In Time of Need, The Men Were There

Brian Childers 
MDI Contributor

On March 1, 2008 I was on the way to the airport to fly to Sao Paolo, Brazil to teach a week-long COBIT Train the Trainer class … when my mother died. 

I was devastated.

I was hurt to my very core – even though we were very complete with each other and it wasn’t unexpected.

It had taken me more than a month to obtain a visa to teach the class, and no one else in my company had such a visa nor could they teach the class. AND the truth was she was already gone. My staying home in Atlanta would make zero difference for her. 

So, I went on.

It happened that my wife at the time, Terri, was arriving at the ATL airport from a business trip right then, and I was able to meet her in the terminal for a hug and a cry. And then I had to go. I recall riding the train out to the gate bawling my eyes out and having people looking at me and really wondering why.

When I got to Brazil and checked into my hotel 11 or 12 hours later, I called my support man on the team Steve Jones and asked for help. He was coincidentally my sponsor to the Sterling Men’s Weekend in 1991.

“No problem!” he said. 

I needed to make funeral arrangements with the funeral home and the cemetery.  He contacted the funeral home and collected information about plans, prices, options, etc. and scanned and had them sent to me. This was a great help – I could be in action and make some decisions – which I did, because it gave me something to DO. As I recall, he also helped me set up a visitation upon my return home.

The first day of teaching the class I leveled with the students, who were all adult males. I told them what had happened and that I would give my best and I might not be able to keep it together at all times. They appeared to understand and allow me some latitude if I needed it. One night during the week they took me out to an authentic Brazilian churrascaria, and we had LOTS of MEAT and Caipirinhas – a bit of distraction.  (a.k.a. help)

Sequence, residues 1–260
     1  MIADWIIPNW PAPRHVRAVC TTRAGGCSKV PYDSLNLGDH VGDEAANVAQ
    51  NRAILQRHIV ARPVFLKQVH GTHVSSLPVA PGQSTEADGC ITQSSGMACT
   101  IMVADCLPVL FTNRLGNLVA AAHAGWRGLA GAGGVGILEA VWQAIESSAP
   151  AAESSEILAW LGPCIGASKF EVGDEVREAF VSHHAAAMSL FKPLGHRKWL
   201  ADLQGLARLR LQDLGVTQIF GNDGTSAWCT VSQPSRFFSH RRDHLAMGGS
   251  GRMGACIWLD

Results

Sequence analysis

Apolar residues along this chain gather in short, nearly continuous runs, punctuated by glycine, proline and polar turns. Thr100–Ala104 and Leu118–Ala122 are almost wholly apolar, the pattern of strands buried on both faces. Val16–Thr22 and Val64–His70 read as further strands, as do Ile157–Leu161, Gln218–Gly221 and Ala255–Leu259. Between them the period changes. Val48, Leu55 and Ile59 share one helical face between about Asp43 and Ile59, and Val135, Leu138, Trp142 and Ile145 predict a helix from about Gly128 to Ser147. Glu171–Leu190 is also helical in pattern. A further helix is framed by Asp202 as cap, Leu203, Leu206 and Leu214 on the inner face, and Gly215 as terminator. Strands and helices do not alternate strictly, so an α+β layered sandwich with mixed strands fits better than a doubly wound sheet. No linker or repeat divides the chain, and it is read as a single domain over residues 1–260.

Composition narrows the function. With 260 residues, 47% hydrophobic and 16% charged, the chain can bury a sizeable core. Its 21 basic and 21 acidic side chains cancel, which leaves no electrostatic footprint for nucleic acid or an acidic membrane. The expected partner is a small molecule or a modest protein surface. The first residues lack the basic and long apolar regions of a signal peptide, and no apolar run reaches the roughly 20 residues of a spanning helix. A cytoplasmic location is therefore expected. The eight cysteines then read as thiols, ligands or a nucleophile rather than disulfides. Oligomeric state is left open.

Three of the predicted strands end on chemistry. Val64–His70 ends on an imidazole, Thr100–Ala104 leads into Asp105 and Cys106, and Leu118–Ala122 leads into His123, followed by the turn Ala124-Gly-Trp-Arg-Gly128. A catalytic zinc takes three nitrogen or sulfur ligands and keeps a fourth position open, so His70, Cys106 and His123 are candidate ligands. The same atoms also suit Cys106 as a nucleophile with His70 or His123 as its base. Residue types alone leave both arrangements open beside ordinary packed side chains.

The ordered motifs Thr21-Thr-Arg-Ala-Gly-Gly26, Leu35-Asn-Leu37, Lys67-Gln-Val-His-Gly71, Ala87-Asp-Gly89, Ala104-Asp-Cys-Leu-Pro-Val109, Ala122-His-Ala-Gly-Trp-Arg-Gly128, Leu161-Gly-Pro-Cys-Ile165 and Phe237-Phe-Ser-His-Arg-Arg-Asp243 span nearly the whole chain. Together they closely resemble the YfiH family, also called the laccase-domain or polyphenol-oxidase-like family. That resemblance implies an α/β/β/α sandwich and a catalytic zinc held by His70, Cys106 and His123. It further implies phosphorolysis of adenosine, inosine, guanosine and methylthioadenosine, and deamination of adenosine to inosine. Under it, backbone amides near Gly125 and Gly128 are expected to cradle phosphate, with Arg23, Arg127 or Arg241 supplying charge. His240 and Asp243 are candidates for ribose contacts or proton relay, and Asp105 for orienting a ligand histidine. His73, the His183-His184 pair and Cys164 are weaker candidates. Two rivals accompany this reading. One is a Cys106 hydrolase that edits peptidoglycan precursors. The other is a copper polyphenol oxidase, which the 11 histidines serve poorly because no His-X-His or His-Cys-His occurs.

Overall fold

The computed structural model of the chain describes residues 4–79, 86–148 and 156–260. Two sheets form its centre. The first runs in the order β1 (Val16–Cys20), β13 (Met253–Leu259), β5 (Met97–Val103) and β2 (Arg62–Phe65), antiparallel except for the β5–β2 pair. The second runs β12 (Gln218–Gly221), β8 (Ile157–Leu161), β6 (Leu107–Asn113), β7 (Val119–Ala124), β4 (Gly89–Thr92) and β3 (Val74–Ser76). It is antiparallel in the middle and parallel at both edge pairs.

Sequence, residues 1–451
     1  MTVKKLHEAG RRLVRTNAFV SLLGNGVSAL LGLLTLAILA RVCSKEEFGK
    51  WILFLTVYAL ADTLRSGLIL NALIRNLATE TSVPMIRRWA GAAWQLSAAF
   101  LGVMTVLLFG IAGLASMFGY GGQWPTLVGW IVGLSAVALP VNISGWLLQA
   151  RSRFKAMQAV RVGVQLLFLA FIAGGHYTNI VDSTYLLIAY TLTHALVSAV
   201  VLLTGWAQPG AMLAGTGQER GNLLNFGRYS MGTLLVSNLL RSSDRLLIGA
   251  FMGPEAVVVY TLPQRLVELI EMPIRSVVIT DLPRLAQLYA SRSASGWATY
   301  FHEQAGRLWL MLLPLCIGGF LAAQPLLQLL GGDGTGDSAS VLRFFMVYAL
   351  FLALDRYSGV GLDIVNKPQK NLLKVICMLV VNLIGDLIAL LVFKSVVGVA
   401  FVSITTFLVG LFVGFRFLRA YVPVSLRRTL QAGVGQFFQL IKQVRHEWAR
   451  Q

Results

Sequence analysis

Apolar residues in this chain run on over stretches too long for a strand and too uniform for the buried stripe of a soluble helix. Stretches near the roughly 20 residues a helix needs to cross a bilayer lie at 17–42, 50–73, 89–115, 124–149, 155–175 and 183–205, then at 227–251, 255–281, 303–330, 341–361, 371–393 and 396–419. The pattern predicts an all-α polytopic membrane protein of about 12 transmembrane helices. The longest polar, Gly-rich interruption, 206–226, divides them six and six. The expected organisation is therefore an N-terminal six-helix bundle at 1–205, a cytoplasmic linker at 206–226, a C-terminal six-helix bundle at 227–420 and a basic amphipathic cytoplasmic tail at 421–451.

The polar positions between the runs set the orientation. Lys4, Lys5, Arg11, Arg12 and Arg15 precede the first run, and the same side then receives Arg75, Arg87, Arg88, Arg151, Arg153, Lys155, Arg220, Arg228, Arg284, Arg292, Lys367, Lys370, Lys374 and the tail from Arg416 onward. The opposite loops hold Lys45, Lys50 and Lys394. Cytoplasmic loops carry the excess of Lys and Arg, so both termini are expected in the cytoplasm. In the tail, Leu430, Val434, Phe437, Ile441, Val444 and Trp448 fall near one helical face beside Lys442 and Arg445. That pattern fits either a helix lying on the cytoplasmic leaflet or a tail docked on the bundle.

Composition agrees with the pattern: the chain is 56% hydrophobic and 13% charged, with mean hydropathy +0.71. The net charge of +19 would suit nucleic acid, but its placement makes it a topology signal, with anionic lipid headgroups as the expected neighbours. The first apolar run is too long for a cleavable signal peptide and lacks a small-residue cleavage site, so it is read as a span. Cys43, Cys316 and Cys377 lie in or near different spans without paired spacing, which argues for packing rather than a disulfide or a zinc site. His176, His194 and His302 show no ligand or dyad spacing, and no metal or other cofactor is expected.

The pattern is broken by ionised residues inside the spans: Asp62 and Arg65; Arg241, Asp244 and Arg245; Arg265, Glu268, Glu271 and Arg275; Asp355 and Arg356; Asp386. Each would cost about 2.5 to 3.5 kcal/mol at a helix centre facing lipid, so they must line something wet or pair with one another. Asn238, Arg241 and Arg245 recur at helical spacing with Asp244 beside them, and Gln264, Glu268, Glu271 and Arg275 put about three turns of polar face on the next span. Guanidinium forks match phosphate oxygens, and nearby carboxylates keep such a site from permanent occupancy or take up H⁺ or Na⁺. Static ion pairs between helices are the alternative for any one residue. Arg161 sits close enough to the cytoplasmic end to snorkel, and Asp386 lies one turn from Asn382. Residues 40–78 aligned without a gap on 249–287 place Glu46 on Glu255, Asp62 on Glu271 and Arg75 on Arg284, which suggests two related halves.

I was at the time the Chairman of the Board of Directors of MDI and I also had to lead a Board meeting call from Brazil (after teaching all day).  The directors on the call were most understanding and helpful and each stepped up to ensure that they carried their load during the call.  (help)

At the end of the class, the students gave me a standing ovation and said that I had not only taught them COBIT well, but I had also taught them how to BE A MAN! 

When I returned home, another teammate, Peter Floistad picked me up on Saturday morning, took me to the cemetery where I had to sign papers, etc. and he LITERALLY had to carry me some of the way to and from the grave site where my mother was to be buried.

When I first saw Mom in the casket at the visitation, I fell on the floor – literally. After I was able to get myself to a chair pretty close to the front I was broken, crying my eyes out. I felt a hand on my leg and looked up to see Tim Goodnow – a man who has found a way to be there for me when I needed him – sometimes without my even asking – my friend, by my definition.

Mom’s funeral was on Monday, because that’s when the Cathedral of Christ the King was available.  She was a parishioner there for over 40 years and that was where it was going to be held.  The Monday thing caused the turnout to be very low – I assume because people had to work.  She had lots of friends, but unfortunately not many were able to attend.  That said, the largest contingent was from my Men’s Division – The Dog Soldiers – dressed in their suits and at attention. Maybe 20 or 25!

At the cemetery, two of the men (Jay Zipperman and Daniel Holloway – both Jewish – I’m not) I took the SMW with in 9/91 in Spencer, MA insisted on burying my mom.  God love them both and so do I. (HELP)

Mom had an electric wheelchair that had to be removed from the nursing home.  Someone (I don’t recall exactly who) got that heavy and awkward thing moved to my house and installed in the basement. (Help)

Afterwards, I wanted to purchase and have delivered and installed a Cedar of Lebanon.  Mom was Lebanese (I’m ½ J) and the Monsignor said we could plant it right in front of the rectory at the Cathedral – right smack on Peachtree Road in Buckhead (a VERY prestigious location).  My friend Goodnow put me in contact with a man that found me one and closed the deal.

There are even more ways that my men helped me around the hardest series of events that I have endured.  I surely could not have done most of this by myself. 

I needed help in a big way and I was confident that I could turn to my men.  I could not have imagined how much they would help me – physically, emotionally and spiritually. 

I love my men!

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